In Florida, the
of an unoccupied structure is a third-degree felony punishable by up to
5 years in state prison. All an "unoccupied structure" is is
an unoccupied building not used as a residence. This crime is also referred
to as a business burglary, since it is usually a business that is broken
into after working hours.
Burglary of an unoccupied structure should not be confused with burglary
of an unoccupied dwelling. Burglary of an unoccupied dwelling is a home
burglary, punishable by up to 15 years in prison.
While still a serious felony, burglary of an unoccupied structure is considered
the lesser of all the burglary charges. The most serious of the burglary
charges are burglary with an assault or battery (burg-batt) and armed burglary.
Burglary of an unoccupied structure occurs when somebody enters a structure
with the intent to commit a crime inside. This means that the accused
person must have the intent to commit a crime inside the structure, such as a
, criminal mischief, or other offense. Simply entering the structure is
not enough. That is merely a trespass, which is a
. Courts have also held that the act of breaking into the structure does
not constitute committing a crime inside the structure. In other words,
breaking a window, climbing inside of a building, and doing nothing would
likely constitute two misdemeanor charges: criminal mischief and trespass.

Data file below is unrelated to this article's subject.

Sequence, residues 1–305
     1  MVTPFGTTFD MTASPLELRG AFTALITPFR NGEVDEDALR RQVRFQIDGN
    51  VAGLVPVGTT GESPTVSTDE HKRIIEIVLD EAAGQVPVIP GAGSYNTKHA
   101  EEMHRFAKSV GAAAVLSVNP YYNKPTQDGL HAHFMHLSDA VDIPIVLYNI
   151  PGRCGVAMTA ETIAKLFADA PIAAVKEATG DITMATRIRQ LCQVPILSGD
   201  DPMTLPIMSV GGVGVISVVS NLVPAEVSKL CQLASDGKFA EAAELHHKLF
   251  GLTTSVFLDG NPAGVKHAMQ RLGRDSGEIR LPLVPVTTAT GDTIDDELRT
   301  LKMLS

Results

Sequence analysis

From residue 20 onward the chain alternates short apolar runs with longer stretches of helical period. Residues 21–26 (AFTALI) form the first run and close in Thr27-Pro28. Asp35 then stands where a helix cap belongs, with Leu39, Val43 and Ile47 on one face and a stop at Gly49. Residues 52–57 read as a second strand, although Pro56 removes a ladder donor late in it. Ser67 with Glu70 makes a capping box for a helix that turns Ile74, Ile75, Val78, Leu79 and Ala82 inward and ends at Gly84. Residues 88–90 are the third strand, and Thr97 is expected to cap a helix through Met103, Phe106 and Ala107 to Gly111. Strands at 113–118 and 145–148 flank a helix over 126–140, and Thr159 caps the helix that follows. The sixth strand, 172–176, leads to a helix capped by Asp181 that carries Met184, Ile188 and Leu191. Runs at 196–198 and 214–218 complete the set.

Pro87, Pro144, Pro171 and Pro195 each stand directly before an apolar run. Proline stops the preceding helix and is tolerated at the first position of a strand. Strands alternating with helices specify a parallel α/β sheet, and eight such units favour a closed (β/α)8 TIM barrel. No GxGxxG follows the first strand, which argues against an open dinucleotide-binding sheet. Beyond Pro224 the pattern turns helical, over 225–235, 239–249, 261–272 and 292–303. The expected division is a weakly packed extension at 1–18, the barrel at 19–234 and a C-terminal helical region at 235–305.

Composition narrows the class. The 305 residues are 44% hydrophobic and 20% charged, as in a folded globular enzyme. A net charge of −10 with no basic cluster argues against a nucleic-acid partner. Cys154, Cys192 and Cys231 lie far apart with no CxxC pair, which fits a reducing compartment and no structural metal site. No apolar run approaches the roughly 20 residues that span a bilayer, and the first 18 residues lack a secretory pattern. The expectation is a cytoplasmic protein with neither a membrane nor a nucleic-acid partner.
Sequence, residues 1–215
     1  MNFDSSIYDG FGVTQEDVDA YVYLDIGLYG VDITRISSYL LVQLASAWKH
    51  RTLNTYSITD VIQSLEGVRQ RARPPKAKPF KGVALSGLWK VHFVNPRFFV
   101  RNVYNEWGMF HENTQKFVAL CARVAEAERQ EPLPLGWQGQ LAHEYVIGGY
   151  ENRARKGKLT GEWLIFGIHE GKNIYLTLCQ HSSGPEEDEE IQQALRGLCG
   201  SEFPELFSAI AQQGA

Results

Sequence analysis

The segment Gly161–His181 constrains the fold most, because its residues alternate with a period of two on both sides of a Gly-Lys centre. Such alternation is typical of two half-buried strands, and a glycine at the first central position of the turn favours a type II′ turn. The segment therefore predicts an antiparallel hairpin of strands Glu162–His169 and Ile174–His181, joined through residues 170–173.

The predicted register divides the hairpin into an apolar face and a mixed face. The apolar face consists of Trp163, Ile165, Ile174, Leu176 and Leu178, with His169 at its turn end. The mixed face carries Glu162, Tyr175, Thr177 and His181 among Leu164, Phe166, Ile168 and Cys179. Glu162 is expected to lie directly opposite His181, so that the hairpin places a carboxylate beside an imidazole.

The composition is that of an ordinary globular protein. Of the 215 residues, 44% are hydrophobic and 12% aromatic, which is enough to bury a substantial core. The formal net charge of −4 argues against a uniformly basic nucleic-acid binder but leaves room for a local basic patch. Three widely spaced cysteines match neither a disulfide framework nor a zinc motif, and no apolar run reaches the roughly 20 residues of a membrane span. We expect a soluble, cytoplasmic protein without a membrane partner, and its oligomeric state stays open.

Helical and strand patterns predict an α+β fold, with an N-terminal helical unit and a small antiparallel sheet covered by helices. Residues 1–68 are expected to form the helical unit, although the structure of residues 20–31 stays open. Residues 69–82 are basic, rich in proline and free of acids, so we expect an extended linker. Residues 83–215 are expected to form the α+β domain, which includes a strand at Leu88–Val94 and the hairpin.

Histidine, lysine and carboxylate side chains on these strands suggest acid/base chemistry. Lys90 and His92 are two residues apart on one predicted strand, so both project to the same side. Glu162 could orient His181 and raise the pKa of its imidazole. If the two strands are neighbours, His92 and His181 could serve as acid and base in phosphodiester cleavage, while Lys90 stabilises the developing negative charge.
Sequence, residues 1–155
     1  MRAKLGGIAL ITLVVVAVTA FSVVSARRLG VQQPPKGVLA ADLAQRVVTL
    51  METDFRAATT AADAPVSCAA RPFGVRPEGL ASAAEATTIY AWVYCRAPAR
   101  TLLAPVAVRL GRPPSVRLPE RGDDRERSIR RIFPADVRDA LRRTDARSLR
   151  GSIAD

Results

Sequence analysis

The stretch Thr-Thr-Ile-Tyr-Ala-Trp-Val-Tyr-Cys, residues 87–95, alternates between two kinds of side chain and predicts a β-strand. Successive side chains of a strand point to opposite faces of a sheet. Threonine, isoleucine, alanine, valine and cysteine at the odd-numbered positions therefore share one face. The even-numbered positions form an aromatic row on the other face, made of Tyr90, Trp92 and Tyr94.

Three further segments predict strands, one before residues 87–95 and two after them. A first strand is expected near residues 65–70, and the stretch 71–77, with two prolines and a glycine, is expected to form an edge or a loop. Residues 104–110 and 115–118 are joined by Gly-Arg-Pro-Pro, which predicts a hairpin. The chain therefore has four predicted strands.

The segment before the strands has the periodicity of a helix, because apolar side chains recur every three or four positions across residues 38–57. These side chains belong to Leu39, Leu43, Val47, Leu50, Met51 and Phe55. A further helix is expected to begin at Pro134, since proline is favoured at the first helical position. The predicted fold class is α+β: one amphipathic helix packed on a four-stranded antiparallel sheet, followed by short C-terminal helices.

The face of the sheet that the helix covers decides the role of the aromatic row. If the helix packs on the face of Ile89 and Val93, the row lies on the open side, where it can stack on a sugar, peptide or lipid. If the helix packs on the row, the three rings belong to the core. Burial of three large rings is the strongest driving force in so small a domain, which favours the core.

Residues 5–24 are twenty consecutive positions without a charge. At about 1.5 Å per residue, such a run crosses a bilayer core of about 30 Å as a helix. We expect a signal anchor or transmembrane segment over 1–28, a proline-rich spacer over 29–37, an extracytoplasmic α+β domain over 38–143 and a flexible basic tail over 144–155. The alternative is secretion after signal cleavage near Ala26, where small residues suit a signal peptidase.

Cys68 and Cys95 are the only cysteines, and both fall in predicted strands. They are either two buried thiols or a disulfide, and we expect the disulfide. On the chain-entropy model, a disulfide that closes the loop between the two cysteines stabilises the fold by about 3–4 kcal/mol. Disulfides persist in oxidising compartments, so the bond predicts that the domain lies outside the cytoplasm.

You must commit a crime, or have the intent to commit a crime,
of the structure.
Common structural burglaries occur in stores after they are closed. Electronics
stores, clothing stores, even gas stations, can be broken into after hours
by people looking for cash and other goods.
Miami-Dade County criminal defense attorney and
former Miami prosecutor
, I have dealt with many structural burglary cases. If the offender has
no prior record, pretrial intervention is a possible option. The conditions
of pretrial intervention on a structural burglary usually include a stay-away
order from the establishment, as well as payment of
. A good criminal defense lawyer familiar with the Miami and Broward courts
may be able to negotiate a fair monthly payment so that the restitution
doesn't become a financial burden on the client.
If the client has a prior record, then pretrial intervention will likely
not be offered. The client and the criminal attorney will look to the
strength of the evidence. Does the store have surveillance footage? Are
there fingerprints? Are there eyewitnesses? Did the client make a statement
If the client has been enhanced as a habitual felony offender, habitual
violent offender, prison releasee reoffender (PRRP), or any other "career
criminal" designation, then the client may be facing anywhere from
10-15 years in prison. If the client is a habitual violent offender or
a prison releasee reoffender, the client may be facing a mandatory minimum
prison term of 5 years.
Burglaries are serious offenses in Miami and Broward. Their respective
police agencies and State Attorney's offices go after those accused
of burglary and seek convictions and jail time. If you or a loved one
has been accused of burglary,
call my office
and speak with me, a Miami and Broward burglary attorney.